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Judge denies retrial bid by coal ash disaster contractor

Jacobs Engineering argued that any jury in the second phase of litigation will rehash what's already been decided in the first phase of litigation.
Credit: TVA
Aerial view of the coal ash spill at TVA's Kingston Fossil Plant on Dec. 22, 2008.

KNOXVILLE, Tenn. — The engineering firm hired to clean up the 2008 coal ash disaster in Roane County won't get a new trial, a federal judge has ruled.

Jacobs Engineering sought a re-do in U.S. District Court in Knoxville over ongoing civil litigation that blames it for failing to properly protect workers who toiled amid the ash and its toxins.

Dozens of workers say they became sick from exposure to life-threatening elements such as arsenic, lead and mercury and that Jacobs failed to warn them about the dangers and wouldn't let some wear protective masks.

In November, a federal jury in Knoxville found in favor of the workers, determining Jacobs may indeed bear liability as a result of the cleanup. Lawyers are now preparing for a second phase to determine what if any damages Jacobs should have to pay the plaintiffs.

Jacobs, which had been hired by utility giant TVA, sought a new trial. It argued
 in part that any jury called in for the second phase will just re-examine what's already been reviewed by the first jury.

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However it tries to act now, the firm argues, it stands to lose.

Chief U.S. District Judge Tom Varlan, however, wrote in an order filed Thursday that Jacobs has options and there's no sure bet that it will lose during the second phase of litigation.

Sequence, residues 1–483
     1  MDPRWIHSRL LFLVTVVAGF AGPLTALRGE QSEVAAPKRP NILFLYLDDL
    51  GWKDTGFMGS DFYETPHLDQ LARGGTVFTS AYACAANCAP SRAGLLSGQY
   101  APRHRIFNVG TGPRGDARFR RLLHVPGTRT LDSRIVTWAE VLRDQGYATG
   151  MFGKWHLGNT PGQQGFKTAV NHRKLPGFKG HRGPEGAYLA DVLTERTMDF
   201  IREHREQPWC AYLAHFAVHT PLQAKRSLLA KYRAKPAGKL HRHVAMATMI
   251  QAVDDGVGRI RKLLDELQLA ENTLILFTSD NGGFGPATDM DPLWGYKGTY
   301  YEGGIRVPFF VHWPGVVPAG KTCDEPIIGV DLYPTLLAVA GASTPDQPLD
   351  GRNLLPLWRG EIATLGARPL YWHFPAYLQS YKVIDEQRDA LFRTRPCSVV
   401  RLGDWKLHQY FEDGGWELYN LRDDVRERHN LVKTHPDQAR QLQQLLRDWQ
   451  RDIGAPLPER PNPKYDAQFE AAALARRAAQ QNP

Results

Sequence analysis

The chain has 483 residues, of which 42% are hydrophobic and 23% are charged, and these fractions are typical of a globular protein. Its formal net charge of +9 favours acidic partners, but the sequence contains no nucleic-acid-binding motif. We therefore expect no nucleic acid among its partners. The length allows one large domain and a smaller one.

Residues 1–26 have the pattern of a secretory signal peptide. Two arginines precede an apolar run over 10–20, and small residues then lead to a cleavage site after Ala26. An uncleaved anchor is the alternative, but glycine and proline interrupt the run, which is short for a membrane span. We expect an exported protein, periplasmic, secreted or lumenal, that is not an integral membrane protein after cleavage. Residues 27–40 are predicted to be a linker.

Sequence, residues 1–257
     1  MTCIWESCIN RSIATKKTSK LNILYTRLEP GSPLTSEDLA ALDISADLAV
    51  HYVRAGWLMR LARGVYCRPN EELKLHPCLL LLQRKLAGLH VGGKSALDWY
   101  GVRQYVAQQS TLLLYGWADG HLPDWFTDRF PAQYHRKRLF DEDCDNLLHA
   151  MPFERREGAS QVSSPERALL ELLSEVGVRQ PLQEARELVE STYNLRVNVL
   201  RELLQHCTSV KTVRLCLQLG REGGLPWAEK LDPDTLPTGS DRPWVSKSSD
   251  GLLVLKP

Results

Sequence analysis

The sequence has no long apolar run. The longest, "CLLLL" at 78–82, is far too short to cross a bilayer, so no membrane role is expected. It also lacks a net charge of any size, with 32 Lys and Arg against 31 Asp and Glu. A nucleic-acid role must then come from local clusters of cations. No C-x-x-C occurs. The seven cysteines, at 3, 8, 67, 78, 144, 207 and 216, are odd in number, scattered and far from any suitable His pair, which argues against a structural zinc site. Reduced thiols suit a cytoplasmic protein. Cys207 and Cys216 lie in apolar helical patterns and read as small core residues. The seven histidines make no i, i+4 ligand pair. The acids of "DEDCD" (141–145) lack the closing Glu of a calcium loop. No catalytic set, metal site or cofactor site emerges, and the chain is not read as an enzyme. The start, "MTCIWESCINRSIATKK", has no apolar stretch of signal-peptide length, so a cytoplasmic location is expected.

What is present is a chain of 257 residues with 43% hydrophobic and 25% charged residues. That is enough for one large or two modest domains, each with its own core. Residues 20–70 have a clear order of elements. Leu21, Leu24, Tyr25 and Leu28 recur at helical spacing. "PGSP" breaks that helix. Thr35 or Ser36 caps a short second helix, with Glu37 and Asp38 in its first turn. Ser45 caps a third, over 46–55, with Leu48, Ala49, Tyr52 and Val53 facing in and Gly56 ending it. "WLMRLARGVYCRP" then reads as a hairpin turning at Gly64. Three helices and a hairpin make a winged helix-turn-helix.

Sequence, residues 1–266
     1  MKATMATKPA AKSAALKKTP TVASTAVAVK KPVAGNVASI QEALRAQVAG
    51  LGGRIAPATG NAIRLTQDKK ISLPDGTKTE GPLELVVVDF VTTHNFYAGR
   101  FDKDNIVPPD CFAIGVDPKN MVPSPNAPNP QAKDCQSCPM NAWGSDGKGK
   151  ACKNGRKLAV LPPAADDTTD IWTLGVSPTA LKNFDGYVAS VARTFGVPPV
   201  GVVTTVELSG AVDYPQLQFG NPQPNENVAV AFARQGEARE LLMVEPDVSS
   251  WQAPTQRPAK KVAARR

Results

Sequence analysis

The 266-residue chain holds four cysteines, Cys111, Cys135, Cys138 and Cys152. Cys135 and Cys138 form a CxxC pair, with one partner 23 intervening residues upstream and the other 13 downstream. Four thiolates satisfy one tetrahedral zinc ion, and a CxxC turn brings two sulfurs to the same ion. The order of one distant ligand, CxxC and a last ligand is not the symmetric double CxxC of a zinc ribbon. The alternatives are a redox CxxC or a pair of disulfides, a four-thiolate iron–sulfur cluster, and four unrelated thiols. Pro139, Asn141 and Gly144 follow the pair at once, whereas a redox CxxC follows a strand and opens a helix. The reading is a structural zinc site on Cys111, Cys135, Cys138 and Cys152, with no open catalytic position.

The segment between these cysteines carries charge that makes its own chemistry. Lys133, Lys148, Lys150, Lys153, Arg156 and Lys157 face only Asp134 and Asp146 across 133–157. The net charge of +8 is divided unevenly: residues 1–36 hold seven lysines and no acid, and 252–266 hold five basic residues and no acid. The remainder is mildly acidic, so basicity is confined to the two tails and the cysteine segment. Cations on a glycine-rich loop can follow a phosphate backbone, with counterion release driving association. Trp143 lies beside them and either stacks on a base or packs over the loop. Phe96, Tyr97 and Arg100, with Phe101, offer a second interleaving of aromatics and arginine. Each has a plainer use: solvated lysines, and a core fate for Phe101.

Any jury that is seated to consider compensation claims will be told that the first jury's verdict is binding: Jacobs breached its obligation to employees. Issues already considered won't be re-litigated, he wrote.

"(The first trial) dealt with Jacobs's conduct, and (the second trial) will deal with the effects of that conduct on individual plaintiffs," the judge wrote.

"The task for the (second jury) then, will be determining whether an individual plaintiff's exposure actually did cause the plaintiff's disease, and if so, the resulting damages, which does not overlap with any (first trial) issues."

If, as Jacobs argues, the jury in the second phase ends up finding negligence by Jacobs where the first jury did not, then that will have to be addressed, the judge wrote.

Varlan is hoping, however, that the case can be resolved without jury trials.

He's ordered lawyers for both sides to pick a mediator who can help them work through their claims. The lawyers have been given an extra 30 days to try to pick a mediator after failing to reach one in recent weeks.

Varlan also expects Jacobs and the workers to use a mediator in good faith for the next five months to try to resolve their differences.

The disaster took place in December 2008 after a dike holding liquid coal ash collapsed at TVA's Kingston  plant and spread across the nearby countryside. It cost more than $1 billion to repair.

Workers argue TVA should bear some responsibility for their health woes. TVA is not a party to the lawsuit.

TVA, however, recently acknowledged in a routine filing with the Securities and Exchange Commission that it could end up having to shoulder some of Jacobs' Engineering's lawsuit costs.

U.S. Reps. Tim Burchett, R-Knoxville, and Steve Cohen, D-Memphis, earlier this month sent a letter demanding answers to a series of questions about the spill and its effects. They say they're still waiting for the response.

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